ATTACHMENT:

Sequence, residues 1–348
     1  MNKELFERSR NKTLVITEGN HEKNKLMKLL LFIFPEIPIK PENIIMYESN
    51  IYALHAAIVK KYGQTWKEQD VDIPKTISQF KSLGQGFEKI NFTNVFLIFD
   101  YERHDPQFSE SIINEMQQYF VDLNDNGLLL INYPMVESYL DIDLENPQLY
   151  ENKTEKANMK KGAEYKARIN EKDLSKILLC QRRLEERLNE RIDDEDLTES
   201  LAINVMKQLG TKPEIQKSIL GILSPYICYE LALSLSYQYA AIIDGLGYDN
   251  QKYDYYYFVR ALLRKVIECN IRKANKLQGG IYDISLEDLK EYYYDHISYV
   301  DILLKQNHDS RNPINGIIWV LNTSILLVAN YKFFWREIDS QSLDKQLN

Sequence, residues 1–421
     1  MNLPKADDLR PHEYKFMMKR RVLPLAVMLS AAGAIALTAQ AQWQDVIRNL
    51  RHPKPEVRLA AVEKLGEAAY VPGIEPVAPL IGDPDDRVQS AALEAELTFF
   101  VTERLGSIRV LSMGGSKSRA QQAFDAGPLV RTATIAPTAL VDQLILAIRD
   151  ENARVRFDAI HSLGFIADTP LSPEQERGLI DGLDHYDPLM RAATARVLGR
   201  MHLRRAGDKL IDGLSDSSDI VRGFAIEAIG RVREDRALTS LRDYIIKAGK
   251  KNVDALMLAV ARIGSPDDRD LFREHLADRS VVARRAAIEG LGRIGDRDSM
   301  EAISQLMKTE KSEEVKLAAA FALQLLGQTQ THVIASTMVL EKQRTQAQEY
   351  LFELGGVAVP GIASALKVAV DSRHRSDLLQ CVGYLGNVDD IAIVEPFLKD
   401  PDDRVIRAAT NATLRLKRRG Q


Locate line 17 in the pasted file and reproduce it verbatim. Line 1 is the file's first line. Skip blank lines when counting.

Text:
   351  LFELGGVAVP GIASALKVAV DSRHRSDLLQ CVGYLGNVDD IAIVEPFLKD